PLEASE NOTE: I AM MAINTAINING THESE PAGES IN MEMORY OF OUR FRIEND AND FELLOW ARC MEMBER, RANDALL WHITCOMB. WE NO LONGER SELL HIS ARTWORK, BUT ASK THAT RANDY BE REMEMBERED.
Scott McArthur Webmaster.

Commemorating Bomber Command and the Handley Page Halifax Bomber

Bringing it Home
CLICK THE IMAGE TO ENLARGE.
Size approx: 19X25 in.

This dramatic painting of a Handley Page Halifax heavy bomber over a German industrial target has been in the works for nearly 10 years now! It took Whitcomb that long to research, paint and publish this edition along with everything else he has done in the last decade, including research, write, illustrate and publish his first book;Avro Aircraft & Cold War Aviation. The Halifax bomber is a relatively un-sung aircraft even by non-American standards yet it was the mainstay of Bomber Command during the most challenging phases of this aspect of the war. The Halifax entered service earlier than the Avro Lancaster and more Canadians served on Halifaxes by far than on the more popularised Lancaster. The flushriveted Halifax Mk. III, using Bristol Hercules radial engines of around 1,800hp each, made the Halifax more powerful than either the Lancaster or Boeing B-17 and this aircraft was a match for any bomber in the European Theatre.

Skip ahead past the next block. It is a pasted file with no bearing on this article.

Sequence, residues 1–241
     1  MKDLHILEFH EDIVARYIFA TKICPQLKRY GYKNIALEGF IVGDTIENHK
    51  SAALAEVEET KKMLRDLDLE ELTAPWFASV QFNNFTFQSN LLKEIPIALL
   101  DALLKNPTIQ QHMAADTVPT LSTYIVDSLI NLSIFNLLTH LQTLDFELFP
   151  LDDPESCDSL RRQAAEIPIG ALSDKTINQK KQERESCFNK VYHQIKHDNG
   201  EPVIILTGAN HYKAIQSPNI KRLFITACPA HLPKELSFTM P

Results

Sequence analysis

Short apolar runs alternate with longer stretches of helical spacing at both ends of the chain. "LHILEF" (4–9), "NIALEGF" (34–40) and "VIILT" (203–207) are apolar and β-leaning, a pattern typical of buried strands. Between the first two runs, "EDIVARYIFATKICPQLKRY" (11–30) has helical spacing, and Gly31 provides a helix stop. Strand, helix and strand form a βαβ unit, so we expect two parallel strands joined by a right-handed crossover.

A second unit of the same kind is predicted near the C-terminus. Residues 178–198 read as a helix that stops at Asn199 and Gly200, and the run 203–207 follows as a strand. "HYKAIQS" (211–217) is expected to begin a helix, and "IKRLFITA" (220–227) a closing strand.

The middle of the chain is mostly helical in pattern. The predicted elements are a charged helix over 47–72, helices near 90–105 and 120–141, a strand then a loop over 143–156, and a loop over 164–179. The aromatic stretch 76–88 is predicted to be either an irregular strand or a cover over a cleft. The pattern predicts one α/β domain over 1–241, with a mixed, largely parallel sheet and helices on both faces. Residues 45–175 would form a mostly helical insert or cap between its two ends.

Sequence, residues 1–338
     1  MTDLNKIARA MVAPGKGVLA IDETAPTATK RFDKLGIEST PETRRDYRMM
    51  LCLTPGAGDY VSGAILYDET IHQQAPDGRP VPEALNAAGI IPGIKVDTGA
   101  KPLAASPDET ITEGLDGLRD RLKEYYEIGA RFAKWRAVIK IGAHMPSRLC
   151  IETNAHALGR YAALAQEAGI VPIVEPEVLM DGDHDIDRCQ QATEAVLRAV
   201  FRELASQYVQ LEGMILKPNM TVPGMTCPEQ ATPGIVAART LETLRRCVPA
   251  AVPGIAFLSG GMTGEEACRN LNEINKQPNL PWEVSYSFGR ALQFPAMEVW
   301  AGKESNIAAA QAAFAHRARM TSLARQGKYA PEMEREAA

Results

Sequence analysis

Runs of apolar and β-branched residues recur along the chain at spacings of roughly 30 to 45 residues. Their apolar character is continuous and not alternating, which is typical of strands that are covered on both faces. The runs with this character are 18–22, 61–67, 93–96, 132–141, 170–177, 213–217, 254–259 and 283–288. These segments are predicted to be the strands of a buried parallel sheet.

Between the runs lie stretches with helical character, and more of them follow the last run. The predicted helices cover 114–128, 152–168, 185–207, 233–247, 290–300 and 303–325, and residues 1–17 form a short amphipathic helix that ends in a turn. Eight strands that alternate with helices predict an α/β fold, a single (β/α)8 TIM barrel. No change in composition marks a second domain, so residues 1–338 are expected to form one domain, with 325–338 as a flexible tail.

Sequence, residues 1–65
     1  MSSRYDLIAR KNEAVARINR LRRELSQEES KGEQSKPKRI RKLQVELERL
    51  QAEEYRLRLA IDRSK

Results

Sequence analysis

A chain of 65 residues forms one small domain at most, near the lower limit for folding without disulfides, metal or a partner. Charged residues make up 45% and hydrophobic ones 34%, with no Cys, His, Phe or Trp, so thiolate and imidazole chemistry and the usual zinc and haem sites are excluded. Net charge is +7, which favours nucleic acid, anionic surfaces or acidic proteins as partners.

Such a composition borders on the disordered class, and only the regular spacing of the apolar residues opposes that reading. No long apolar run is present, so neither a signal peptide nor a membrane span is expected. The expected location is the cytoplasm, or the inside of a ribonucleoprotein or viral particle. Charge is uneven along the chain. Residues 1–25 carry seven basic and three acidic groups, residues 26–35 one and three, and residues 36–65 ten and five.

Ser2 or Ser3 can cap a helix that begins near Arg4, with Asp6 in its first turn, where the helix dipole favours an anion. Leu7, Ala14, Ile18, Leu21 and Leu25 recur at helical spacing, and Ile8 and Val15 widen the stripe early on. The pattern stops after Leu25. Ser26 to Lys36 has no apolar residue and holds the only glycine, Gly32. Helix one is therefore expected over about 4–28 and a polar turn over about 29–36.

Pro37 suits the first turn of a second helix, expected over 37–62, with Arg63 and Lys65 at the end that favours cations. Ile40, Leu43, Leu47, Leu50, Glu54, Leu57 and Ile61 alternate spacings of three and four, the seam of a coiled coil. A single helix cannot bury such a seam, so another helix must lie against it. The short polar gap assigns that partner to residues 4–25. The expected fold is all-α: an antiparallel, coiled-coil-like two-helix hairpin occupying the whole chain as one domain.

While many have raised moral issues over the night bombing offensive in particular, at the time it appears to have been the only method Britain had of directly attacking Germany. Considering the fact that the Germans bombed British civilian targets in both WW I and WW II, not to mention Hitler's "starve them into submission" policy, the enforcement of which was then falling to the equally inhumane V-boat offensive, the moral issue changes with viewpoint. Other primary sources reinforce these opinions while, strangely, some historians suggest that the allied Bomber Offensive was a failure. However Heinz Guderian, the famed German tank commander (later in charge of production and deployment of armour for the Reich), stated that the heart of the German industrial machine, the Ruhr Valley, had "ceased to exist as a viable economic area" by the end of 1943 due directly to the results of Bomber Command and the VSAAF's relentless bombing. Luftwaffe General of Fighters, Adolph Galland, has related similar findings in his book The First and the Last.

 
 
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